Audiences will finally get to see Francis Ford Coppola’s insane ‘Megalopolis’


Lionsgate Studios announced Monday that it had agreed to distribute Francis Ford Coppola’s new film “Megalopolis” across the United States and Canada this fall, handing the legendary director’s new flick a distribution deal that some speculated might never come.

The film, which took nearly 40 years and $120 million of Coppola’s own money to make, will be released in domestic and Imax theaters beginning Sept. 27. The news was first reported by IndieWire.

Some Hollywood insiders and critics questioned if “Megalopolis” would find a distribution deal given its proposed marketing budget, eccentric plot and questionable mass-market appeal. Critics said that the film’s art-house vibe and chaotic story appeared a little too experimental for Hollywood, despite the starry names attached to it.

“Megalopolis” has been described as “a Roman epic, but set in modern America,” with Coppola saying the film is a warning about the United States heading in a “fascist” direction. It stars Adam Driver, Giancarlo Esposito, Aubrey Plaza, Jon Voight, Laurence Fishburne and Shia LaBeouf, among others.

The movie is set in a city called New Rome that looks a lot like a near-future New York City and features, among many oddities, dialogue in Shakespearean rhythms. Everyone has Roman names (looking at you, Cesar, Clodio, Crassus and Cicero). And it’s essentially a story of warring factions. As Driver’s Cesar seeks to build a utopia, Esposito’s Mayor Cicero wants to keep society, well, boring. LaBeouf’s antagonist Clodio, meanwhile, unites the masses to take on the powers that be.

Critics and audience members alike have noticed parallels to “The Godfather,” with the feuding families who run the city — as well as to the current state of politics in America.

Before it debuted at the Cannes Film Festival last month, insiders wondered if the film would strike a deal. According to the Hollywood Reporter, it was unclear if distributors would be willing to commit to a $100 million marketing budget envisioned by Coppola.

Others thought the movie would be a hard sell to general audiences, questioning if a distributor could even position the film for success. That’s why, as The Washington Post reported, the film initially struggled to find a North American distributor despite signing deals for international markets. (That said, “The Apprentice,” another conversation starter at Cannes about Donald Trump’s rise to prominence, doesn’t have an American distributor yet, either.)

The film also contains a scene that might be hard for movie theaters to pull off — a surprise live performance two-thirds of the way through. During screenings at Cannes, an actual human being — an actor, or perhaps a volunteer from the publicity staff — stepped out from the shadows to stand at a microphone. The person then began peppering Driver’s Cesar with questions, as if at a news conference, while the character on the screen answered back. It only lasts a minute or two, but it left audience members raving.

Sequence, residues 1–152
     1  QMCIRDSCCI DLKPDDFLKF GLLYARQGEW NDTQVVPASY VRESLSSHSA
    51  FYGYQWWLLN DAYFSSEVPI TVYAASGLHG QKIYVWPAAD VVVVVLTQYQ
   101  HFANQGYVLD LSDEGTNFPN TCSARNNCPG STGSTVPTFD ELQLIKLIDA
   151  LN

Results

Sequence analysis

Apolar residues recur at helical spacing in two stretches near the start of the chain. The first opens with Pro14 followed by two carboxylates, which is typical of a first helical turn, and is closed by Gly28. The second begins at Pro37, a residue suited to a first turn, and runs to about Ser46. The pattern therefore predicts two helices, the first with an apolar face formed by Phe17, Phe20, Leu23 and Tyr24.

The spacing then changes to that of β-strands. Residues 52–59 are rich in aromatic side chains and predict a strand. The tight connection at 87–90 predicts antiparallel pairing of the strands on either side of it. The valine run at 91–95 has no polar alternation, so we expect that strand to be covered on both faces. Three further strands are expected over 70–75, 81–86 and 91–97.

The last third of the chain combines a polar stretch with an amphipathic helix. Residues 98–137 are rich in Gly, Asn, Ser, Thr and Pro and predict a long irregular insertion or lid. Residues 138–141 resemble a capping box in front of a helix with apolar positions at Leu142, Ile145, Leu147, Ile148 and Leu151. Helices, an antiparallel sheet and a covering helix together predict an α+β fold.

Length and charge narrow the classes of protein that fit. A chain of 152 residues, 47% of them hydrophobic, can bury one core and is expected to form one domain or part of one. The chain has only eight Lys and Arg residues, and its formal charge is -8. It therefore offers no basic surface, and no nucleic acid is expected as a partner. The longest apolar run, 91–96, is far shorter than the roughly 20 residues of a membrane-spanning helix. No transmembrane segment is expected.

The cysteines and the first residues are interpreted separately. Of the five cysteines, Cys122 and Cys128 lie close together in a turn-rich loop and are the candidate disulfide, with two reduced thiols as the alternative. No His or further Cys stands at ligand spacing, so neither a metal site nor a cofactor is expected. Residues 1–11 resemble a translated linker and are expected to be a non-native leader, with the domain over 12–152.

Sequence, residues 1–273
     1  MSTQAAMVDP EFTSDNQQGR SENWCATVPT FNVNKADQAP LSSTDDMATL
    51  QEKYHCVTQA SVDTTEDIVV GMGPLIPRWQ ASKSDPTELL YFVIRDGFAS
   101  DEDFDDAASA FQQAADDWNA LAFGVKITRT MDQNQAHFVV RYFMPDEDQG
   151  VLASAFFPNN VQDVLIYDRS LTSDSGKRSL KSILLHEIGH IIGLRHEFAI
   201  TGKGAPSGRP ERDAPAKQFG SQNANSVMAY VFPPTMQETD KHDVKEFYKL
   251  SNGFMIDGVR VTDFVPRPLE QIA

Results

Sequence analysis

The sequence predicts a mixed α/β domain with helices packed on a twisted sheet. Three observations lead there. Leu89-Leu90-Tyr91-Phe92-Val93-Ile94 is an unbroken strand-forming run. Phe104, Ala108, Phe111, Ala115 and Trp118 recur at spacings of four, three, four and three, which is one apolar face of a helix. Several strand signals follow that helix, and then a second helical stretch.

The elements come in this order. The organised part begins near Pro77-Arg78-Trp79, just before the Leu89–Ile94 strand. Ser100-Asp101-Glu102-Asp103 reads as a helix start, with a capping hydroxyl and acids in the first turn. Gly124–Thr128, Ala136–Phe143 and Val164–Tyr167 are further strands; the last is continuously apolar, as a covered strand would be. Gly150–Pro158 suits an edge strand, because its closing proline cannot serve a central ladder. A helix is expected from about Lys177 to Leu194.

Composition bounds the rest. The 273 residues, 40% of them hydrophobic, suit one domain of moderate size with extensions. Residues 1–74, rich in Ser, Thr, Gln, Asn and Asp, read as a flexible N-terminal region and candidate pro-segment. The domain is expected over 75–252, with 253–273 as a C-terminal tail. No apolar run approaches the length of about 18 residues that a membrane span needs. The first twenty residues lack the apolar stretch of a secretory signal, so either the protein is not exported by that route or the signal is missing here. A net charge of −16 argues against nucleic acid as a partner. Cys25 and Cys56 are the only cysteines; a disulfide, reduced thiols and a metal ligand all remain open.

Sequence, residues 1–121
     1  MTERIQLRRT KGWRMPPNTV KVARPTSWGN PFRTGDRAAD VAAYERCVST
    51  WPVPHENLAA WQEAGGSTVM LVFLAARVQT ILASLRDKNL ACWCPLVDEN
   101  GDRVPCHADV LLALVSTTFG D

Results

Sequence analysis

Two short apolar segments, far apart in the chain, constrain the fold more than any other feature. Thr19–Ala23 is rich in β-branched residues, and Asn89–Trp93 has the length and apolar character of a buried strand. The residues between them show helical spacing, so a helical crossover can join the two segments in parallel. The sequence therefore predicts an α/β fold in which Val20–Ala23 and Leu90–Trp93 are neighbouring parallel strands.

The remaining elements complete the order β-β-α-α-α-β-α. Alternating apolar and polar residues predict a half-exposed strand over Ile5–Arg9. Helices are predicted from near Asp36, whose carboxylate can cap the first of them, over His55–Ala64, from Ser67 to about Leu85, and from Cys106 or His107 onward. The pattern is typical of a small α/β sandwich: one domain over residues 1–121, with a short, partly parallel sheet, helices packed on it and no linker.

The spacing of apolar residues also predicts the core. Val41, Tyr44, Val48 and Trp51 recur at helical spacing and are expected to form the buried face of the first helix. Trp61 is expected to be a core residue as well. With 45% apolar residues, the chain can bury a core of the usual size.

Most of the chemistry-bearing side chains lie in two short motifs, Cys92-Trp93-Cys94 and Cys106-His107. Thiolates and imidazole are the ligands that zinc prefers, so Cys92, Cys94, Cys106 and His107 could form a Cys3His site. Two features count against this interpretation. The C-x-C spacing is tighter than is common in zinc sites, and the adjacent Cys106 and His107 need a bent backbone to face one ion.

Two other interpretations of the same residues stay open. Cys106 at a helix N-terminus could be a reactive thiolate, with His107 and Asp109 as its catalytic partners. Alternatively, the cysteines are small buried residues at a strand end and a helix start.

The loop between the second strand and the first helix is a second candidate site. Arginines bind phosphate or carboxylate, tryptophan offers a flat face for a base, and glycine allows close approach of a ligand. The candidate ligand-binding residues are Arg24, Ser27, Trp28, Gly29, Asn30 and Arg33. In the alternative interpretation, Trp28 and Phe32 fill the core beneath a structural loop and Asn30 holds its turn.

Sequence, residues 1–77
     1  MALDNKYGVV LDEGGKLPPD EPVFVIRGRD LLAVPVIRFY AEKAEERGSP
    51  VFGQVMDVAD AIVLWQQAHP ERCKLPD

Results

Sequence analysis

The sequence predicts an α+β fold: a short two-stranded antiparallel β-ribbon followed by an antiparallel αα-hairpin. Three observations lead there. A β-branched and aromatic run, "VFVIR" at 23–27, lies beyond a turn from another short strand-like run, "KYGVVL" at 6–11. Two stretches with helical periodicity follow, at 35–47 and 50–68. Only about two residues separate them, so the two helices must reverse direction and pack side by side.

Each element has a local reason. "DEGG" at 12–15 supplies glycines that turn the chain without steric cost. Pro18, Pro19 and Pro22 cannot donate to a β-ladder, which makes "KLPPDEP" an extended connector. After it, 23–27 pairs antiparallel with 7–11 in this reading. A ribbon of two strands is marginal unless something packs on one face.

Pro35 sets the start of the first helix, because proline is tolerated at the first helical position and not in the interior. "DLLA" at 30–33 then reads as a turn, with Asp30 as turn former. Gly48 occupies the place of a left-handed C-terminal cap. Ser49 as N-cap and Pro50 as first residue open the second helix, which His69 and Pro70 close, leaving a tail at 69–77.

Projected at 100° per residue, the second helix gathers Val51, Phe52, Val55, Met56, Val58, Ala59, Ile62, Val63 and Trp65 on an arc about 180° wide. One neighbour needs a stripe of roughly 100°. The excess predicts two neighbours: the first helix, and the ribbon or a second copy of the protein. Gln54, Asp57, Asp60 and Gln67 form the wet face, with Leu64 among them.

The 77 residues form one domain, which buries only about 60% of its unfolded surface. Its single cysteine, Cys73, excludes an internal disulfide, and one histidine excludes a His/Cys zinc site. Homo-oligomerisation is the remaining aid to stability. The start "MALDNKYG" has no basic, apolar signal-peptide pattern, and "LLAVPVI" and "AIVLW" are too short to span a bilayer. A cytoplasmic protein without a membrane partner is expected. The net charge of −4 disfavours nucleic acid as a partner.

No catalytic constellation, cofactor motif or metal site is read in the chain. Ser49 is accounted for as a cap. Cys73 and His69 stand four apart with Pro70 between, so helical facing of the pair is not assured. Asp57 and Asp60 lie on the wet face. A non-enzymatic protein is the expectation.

“It’s, like, the best cinema experience I’ve ever had. Certainly the most interesting … but I’m [curious] how it’s going to be projected in other theaters because of the performative part,” said Ognjen Belić, 20, an art history student from Belgrade, Serbia, outside the Cannes premiere.

Imax and Lionsgate did not respond to questions from The Post about how theaters will handle the scene. When reached, Lionsgate said in an email that the studio hopes “to fulfill Francis’ artistic vision,” though it didn’t offer specifics about how it might happen.

The live moment seems integral to the movie’s experimentalism — if you’re going to see an insane movie, you might as well experience it all, right? But it’s one thing to create the performance at maybe 12 screenings across a film festival, and quite another to mass produce it across hundreds of screenings across North America.

The uncertainty over the fourth wall-breaking scene adds another layer of fascination to a movie that’s had plenty of drama associated with it. The movie made headlines in May after the Guardian reported that there were numerous clashes on set. Many of the complaints centered around Coppola changing his mind and wasting his own money, while others questioned his use of practical effects over digital ones, unnamed sources told the Guardian.

Fans at Cannes told The Post that “Megalopolis” was a little “crazy” and “hard to follow” at points. Others were inspired.

As Camille Deleau, a French producer, put it: “You have to extract yourself from your life and go into a real experience,” she said. “It’s a great surprise and also universal and also very weird.”



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